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SKILLS - Rigid Sigmoidoscopy (Proctoscopy)

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VOL: 99, ISSUE: 30, PAGE NO: 27


- A rigid tube (or proctoscope) accompanied by a light source used to examine the rectum and sigmoid colon in investigations into lower gastrointestinal (GI) complaints.

- The procedure is usually performed in the outpatient clinic, increasingly by nurse practitioners.

- It may also need to be performed on the ward, for example before a barium enema (McLatchie and Leaper, 2002).


- As a diagnostic tool for patients with symptoms such as lower GI bleeding or a change in bowel habit.

- To evaluate or follow up colitis in the rectum or descending colon.


- Painful perianal area.

- Pregnancy.


- Full explanation of the procedure should be given.

- Having such an intimate examination in an often busy and crowded clinic can be distressing for some patients. Privacy and dignity should be maintained at all times.

- Verbal consent must be obtained.

- Bowel preparation is rarely used.


- A nurse should be available throughout the procedure to support and monitor the patient and to assist and chaperone the endoscopist.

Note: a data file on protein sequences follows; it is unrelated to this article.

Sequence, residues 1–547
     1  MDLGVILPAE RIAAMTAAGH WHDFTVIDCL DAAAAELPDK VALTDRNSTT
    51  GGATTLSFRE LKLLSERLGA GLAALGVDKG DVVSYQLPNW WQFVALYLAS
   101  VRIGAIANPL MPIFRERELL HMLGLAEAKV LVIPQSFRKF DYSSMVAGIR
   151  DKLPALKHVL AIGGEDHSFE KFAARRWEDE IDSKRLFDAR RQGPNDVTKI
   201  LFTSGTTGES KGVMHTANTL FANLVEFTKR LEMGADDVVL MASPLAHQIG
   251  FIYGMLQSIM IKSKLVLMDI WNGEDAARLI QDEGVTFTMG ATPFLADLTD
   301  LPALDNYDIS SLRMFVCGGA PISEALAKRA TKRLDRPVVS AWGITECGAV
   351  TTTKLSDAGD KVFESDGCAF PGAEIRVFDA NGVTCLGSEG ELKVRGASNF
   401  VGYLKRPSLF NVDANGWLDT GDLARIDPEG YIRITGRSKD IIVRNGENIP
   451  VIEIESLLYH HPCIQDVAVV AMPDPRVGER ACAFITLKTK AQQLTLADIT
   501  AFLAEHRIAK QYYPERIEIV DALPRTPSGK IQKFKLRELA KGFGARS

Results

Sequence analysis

- The patient is placed in a left lateral position.

- A digital rectal examination is carried out, using a lubricant, to ensure there is no obvious obstruction to a proctoscope.

- Equipment such as the light source and air insufflation are checked.

- The proctoscope is lubricated and inserted into the anus.

- A light source is attached to the proctoscope.

- Air may be insufflated to aid vision.

- Biopsies may be taken.


During the procedure:

- Observe the patient’s tolerance of the procedure, for example pain;

- Provide reassurance, commentary and support;

- Watch out for any unexpected events such as vomiting, cardiorespiratory depression and vasovagal reactions;

- Assess and document the patient’s status on completing the procedure.

After the procedure:

- Document all care given and any unusual events that occur;

- Provide written instructions regarding diet, medications, activity restrictions, follow-up and potential complications.


- Normal mucosal appearance.

- Proctitis.

- Neoplasm.

- Rectal polyps.

- Fissures.

- Haemorrhoids.


- Abdominal discomfort.

- Rectal bleeding.


- There is debate about the use of rigid sigmoidoscopy in a modern gastroenterology/coloproctology service. With the increasing availability of outpatient flexible sigmoidoscopy, a more thorough and effective test, many outpatient clinics are using rigid sigmoidoscopy less frequently.


British Society of Gastroenterology

Cancer Research UK (for patients)


Bateson, M., Bouchier, I. (1997)Clinical Investigations in Gastroenterology. London: Kluwer Academic Publishers.

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